They comprise 120 fonds of archival documents split into 20,000 units that number millions of individual pages that could keep historians busy for many years.
The documents are the Vatican archives from the era of Pope Pius XII through the Second World War. The release of the documents has long been demanded by historians and Jewish groups to ascertain the full truth about the pope's real place in history.
The Catholic Church has always argued that Pius XII helped rescue several thousand Jews by having them hidden in religious institutions in Rome during the Nazi occupation. It also believes the Pope's refusal to verbally attack the Nazis avoided reprisals against Catholics in Europe.
But Pius XII, a moral voice likely to have been heeded by German Catholics, is vilified by many historians for never having explicitly condemned the extermination of the Jews by the Nazi regime.
The member of the Roman nobility is also criticised for having remained silent when on October 16, 1943, over a thousand Roman Jews were rounded up in their ghetto not far from the Vatican.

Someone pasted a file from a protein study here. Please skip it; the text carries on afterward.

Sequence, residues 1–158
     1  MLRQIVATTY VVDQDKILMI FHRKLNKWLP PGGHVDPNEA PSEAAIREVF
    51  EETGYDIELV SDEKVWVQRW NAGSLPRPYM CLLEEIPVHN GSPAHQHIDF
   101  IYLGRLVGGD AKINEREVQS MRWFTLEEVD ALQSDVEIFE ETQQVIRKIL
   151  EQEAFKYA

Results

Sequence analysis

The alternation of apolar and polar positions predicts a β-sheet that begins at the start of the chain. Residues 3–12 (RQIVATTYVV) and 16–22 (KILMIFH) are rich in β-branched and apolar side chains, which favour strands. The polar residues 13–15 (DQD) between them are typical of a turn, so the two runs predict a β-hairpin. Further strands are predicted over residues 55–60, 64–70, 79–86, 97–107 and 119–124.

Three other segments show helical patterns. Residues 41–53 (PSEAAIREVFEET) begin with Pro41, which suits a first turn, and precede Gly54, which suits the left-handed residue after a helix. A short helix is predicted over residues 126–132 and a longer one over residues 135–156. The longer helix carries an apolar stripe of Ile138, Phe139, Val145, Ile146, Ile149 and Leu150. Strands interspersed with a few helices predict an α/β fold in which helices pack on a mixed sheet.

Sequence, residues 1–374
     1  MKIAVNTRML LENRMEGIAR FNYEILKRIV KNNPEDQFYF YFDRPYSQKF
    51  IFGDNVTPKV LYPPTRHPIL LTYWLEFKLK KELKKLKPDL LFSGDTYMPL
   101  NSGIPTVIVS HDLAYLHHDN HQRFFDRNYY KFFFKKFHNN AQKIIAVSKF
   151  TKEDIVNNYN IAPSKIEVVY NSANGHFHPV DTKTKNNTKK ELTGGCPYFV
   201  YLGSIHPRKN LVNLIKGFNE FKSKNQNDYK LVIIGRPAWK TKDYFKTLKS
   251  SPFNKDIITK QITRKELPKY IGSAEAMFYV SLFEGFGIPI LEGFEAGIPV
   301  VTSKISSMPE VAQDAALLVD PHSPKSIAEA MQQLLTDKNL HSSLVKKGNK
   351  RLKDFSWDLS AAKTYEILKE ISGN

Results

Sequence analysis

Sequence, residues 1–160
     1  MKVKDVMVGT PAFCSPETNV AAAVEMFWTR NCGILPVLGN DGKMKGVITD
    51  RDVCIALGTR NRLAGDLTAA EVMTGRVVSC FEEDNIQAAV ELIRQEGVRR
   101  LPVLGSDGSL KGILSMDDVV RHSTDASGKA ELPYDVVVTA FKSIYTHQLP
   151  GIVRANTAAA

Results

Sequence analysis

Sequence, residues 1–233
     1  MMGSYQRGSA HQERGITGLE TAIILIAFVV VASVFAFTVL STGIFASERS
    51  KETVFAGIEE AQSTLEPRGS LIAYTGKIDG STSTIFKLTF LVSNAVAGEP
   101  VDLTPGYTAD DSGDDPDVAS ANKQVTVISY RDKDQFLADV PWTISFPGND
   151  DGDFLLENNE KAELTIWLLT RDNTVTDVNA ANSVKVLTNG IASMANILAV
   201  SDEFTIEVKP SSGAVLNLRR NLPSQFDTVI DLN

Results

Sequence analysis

Following the roundup, some Jews were hidden in Catholic institutions, but critics point out that no written document exists to prove that Pius XII was responsible.
Many historians conclude that while this pope may have disapproved of Hitler's anti-Semitism, he was also the product of traditional anti-Jewish Catholic teaching until the Second Vatican Council from 1962 to 1965, which positively transformed Catholic-Jewish relations.
Thus, the Jews were not the priority of this Pope, who was instead concerned about the fate of Catholics and fiercely opposed to communism, they argue.
But with the archives being opened on Monday, new information could come to light.
None of the pope's post-war papers have previously been released but in response to swirling controversy almost immediately after his death in 1958, four Jesuit priests capped 16 years of hard work by publishing 11 volumes of archival documents in 1981.
A commission of both Jewish and Catholic historians, established in 1999, decided that still more access was needed to find out the full story.
While the archives covering the Second World War have already been widely published by the Vatican, the researchers will now have direct access to an even greater number of documents – including some of the most sensitive ones.